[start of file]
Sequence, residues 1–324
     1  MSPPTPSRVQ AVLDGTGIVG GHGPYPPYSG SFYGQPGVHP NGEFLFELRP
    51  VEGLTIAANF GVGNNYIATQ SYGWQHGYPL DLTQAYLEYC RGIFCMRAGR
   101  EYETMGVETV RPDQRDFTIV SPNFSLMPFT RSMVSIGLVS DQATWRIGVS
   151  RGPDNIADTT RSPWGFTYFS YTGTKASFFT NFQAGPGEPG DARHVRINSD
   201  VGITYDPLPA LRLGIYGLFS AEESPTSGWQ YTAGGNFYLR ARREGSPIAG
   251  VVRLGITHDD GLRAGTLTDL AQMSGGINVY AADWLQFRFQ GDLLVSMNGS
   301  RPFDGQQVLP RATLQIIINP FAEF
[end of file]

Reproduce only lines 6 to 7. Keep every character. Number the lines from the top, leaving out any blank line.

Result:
   201  VGITYDPLPA LRLGIYGLFS AEESPTSGWQ YTAGGNFYLR ARREGSPIAG
   251  VVRLGITHDD GLRAGTLTDL AQMSGGINVY AADWLQFRFQ GDLLVSMNGS